Figure 3.

Isolating a USB port to eliminate the cable ground connection is inherently difficult because there are no control signals to indicate whether data is being transmitted downstream (to the peripheral) or upstream (to the host). Without access to the internal signals of the serial interface engine (SIE) controlling the bus, the only way to determine the data’s directionality is through the bus transactions. The SIE’s signals may not be available because the SIE is often integrated into processors.

There are several possible approaches to isolating USB. For example, the challenges of isolating D+ and D− can be avoided by using an external SIE that is controlled by a serial interface with unidirectional signals, such as SPI. SPI is unidirectional, so it is more easily isolated. Figure 4 illustrates this approach. The propagation delay of optocouplers would severely limit the speed of the isolated SPI, so a quad channel digital isolator is used. The external USB controller transmits data from its buffers, which are filled through the SPI interface. Although, the external SIE will transmit data at the fastest peripheral’s fastest possible data rate, the effective data rate of the bus is limited by the controller’s ability to keep the SIE’s buffers full. The propagation delay of the digital isolator may be a bottleneck in this case. This approach is costly in terms of board space because of the external SIE and can require modifications to the peripheral’s drivers.

Figure 4.

A simpler approach is to directly isolate the D+ and D− lines with an ADuM3160 single-chip USB isolator, as shown in Figure 5. This digital isolator requires no modifications of either the host or peripheral’s drivers. Its internal logic determines the directionality of D+ and D− by the USB protocol and activates and deactivates drivers accordingly. A 2.5kV isolation barrier splits the ground connection through the USB cable that would cause a ground loop otherwise (Cantrell).

Figure 5.

A simple hardware simulation of a ground loop was designed to illustrate the risks of ground loops in wired communication and the effectiveness of galvanic isolation at breaking ground loops. The test setup created a ground loop with connections through the USB cable and power supplies of a USB hub and a peripheral, which were controlled by a laptop. This setup coupled a 60 Hz signal derived from the ac power line to the ground line with a transformer. This was analogous to the magnetic field from power lines inducing noise in a ground loop, since it relied on the same noise source. A variable series resistance made the current through the ground loop adjustable. The voltage from the hub’s ground to the peripheral’s ground was observed and the current through the ground loop was increased until it disrupted communications to the hub. Two different peripheral devices consistently lost communication with the hub and laptop when their ground rose to over 1 V rms above the hub’s ground due to the simulated ground loop current. Isolating the hub’s port with an ADuM3160 USB isolator the ground connection through the USB cable and prevented the transformer-coupled current from flowing. This effectively restored communication between the PC and either peripheral and illustrates how digital isolation can be employed to prevent ground loops.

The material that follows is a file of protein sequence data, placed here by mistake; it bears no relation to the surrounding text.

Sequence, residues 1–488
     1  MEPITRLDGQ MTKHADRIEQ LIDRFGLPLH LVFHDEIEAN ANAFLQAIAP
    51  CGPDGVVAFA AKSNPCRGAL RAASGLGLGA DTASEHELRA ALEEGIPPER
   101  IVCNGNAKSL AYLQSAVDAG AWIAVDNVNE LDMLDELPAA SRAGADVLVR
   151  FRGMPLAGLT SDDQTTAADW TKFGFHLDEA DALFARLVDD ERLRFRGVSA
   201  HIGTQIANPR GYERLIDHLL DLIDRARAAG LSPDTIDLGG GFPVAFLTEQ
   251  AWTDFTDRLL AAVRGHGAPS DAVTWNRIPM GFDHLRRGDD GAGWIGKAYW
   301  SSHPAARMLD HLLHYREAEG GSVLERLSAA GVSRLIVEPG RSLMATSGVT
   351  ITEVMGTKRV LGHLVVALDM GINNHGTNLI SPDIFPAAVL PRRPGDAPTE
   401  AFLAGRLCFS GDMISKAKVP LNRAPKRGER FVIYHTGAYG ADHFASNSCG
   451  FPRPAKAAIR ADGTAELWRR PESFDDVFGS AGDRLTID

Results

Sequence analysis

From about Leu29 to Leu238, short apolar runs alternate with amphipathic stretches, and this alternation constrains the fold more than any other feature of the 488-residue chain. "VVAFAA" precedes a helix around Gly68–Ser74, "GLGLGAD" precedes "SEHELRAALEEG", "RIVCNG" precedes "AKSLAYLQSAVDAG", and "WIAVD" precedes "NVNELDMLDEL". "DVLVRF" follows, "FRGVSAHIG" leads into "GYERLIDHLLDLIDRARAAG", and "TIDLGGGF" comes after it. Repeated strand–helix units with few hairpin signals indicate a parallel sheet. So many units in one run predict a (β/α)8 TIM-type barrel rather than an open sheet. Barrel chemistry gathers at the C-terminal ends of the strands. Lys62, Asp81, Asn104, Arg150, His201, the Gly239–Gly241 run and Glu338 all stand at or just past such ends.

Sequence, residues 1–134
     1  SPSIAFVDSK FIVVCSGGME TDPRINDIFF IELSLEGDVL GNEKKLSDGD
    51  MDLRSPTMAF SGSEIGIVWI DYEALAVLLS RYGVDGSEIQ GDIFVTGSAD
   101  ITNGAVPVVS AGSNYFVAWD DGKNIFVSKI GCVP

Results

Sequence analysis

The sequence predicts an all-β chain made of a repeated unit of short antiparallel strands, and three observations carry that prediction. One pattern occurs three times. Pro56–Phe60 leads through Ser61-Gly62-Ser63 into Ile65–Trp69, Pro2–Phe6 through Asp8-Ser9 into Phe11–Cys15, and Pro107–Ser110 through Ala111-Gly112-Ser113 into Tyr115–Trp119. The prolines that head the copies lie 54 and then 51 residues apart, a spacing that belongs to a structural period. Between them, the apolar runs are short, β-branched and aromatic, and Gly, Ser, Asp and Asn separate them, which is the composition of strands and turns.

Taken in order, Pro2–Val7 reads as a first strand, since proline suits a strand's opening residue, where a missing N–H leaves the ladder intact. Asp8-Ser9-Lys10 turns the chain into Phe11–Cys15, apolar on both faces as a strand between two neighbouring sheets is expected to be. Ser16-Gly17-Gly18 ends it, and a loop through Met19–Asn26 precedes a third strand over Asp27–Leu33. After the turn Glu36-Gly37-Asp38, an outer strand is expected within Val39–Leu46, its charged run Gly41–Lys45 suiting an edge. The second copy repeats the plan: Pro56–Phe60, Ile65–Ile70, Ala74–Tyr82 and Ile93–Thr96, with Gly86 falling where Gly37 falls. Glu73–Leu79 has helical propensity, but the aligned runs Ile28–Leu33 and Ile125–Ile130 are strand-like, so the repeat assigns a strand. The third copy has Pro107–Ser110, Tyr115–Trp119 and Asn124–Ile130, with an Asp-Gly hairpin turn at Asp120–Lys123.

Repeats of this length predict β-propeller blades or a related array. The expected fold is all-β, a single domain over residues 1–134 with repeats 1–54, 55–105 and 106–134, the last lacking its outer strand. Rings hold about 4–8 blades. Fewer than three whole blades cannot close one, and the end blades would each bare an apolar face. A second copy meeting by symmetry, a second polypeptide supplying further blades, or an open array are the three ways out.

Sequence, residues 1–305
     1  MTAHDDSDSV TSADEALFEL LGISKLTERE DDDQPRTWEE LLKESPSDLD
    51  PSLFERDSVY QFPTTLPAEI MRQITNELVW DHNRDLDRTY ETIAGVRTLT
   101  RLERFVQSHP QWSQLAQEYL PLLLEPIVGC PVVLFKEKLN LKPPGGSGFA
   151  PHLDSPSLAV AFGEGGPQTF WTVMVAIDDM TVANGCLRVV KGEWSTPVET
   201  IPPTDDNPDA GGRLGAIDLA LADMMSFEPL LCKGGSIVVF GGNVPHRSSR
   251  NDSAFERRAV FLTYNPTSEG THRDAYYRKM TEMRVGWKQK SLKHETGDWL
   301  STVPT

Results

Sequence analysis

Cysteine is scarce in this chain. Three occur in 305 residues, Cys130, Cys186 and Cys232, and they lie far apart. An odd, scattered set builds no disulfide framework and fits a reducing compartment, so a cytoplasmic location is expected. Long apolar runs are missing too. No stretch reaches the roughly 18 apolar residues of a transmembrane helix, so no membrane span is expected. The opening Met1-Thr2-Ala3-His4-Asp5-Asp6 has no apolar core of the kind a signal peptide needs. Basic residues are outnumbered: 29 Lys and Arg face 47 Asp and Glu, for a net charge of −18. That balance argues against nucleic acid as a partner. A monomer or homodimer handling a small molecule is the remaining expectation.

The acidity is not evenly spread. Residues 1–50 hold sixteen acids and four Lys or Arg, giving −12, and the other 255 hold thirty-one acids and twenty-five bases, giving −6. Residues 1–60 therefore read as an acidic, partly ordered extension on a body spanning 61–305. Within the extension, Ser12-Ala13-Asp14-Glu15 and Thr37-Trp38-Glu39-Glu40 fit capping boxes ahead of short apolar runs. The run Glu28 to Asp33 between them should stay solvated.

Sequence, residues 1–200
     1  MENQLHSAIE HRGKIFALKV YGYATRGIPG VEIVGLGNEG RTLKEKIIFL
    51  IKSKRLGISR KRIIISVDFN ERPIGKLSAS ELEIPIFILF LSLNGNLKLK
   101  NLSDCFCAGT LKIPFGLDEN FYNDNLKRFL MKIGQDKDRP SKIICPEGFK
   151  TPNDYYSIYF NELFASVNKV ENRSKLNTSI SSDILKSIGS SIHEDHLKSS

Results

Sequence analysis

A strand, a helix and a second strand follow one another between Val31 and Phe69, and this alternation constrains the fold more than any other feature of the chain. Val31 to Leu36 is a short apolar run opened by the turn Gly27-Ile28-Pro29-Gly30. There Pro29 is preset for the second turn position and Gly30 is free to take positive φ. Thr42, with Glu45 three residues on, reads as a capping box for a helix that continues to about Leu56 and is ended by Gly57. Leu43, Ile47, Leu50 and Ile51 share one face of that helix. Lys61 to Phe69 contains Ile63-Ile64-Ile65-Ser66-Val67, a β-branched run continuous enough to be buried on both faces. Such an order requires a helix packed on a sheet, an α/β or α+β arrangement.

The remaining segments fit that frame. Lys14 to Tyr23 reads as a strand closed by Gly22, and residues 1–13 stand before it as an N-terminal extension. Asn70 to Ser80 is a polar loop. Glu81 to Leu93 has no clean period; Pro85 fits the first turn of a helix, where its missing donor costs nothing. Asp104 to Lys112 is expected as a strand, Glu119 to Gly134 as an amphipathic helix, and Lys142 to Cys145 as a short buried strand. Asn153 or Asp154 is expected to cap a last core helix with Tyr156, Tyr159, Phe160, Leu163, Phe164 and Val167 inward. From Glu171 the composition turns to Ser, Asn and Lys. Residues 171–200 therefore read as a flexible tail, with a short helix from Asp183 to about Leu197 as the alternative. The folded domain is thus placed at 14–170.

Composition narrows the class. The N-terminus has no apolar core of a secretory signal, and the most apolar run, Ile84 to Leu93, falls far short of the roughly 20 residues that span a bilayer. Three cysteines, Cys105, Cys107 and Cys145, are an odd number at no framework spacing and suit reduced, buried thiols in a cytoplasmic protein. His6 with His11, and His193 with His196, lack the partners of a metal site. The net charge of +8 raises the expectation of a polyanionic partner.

In summary, ground loops can be problematic in wired communications. Multiple ground connections between devices create a loop, which can pick up interference from nearby ac magnetic fields. Additionally, if there is a difference in ground potential, which can be the case over long distances, it will contribute to the ground loop noise current. Either of these can cause data errors. USB is an example of an interface that can suffer from ground-loop interference and is not easily isolated using discrete digital isolators. A hardware simulation of a ground loop provided a real-world example of how ground loops can affect a USB interface, and how a USB isolator, the ADuM3160, remedied the situation. Other interfaces besides USB can also experience problems from ground loops. Resources on how to isolate these interfaces and more information on digital isolation can be found at


AN-375 Application Note. ADM2xxL Family for RS-232 Communications. Analog Devices, Inc. May 1994.

AN-727 Application Note. iCoupler® Isolation in RS-485 Applications. Analog Devices, Inc. June 2004.

AN-770 Application Note. iCoupler® Isolation in CAN Bus Applications. Analog Devices, Inc. March 2005.

Ott, Henry. Noise Reduction Techniques in Electronic Systems. Second Edition. Wiley-Interscience. 1988.